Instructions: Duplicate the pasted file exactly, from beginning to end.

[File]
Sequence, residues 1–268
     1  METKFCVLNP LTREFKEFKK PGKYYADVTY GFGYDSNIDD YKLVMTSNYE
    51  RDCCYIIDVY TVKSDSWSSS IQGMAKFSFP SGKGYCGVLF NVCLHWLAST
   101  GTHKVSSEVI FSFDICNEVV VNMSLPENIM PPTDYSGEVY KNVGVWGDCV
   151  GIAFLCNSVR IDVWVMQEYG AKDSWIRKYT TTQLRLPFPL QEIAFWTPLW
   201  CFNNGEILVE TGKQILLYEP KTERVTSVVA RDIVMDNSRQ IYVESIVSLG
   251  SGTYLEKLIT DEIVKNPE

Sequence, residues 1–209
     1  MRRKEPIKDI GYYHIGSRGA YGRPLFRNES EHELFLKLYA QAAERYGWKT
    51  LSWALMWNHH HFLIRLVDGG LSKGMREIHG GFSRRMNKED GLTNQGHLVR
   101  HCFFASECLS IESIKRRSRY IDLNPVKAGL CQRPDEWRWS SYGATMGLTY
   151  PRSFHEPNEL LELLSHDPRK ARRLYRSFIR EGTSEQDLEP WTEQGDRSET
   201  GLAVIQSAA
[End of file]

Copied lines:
Sequence, residues 1–268
     1  METKFCVLNP LTREFKEFKK PGKYYADVTY GFGYDSNIDD YKLVMTSNYE
    51  RDCCYIIDVY TVKSDSWSSS IQGMAKFSFP SGKGYCGVLF NVCLHWLAST
   101  GTHKVSSEVI FSFDICNEVV VNMSLPENIM PPTDYSGEVY KNVGVWGDCV
   151  GIAFLCNSVR IDVWVMQEYG AKDSWIRKYT TTQLRLPFPL QEIAFWTPLW
   201  CFNNGEILVE TGKQILLYEP KTERVTSVVA RDIVMDNSRQ IYVESIVSLG
   251  SGTYLEKLIT DEIVKNPE

Sequence, residues 1–209
     1  MRRKEPIKDI GYYHIGSRGA YGRPLFRNES EHELFLKLYA QAAERYGWKT
    51  LSWALMWNHH HFLIRLVDGG LSKGMREIHG GFSRRMNKED GLTNQGHLVR
   101  HCFFASECLS IESIKRRSRY IDLNPVKAGL CQRPDEWRWS SYGATMGLTY
   151  PRSFHEPNEL LELLSHDPRK ARRLYRSFIR EGTSEQDLEP WTEQGDRSET
   201  GLAVIQSAA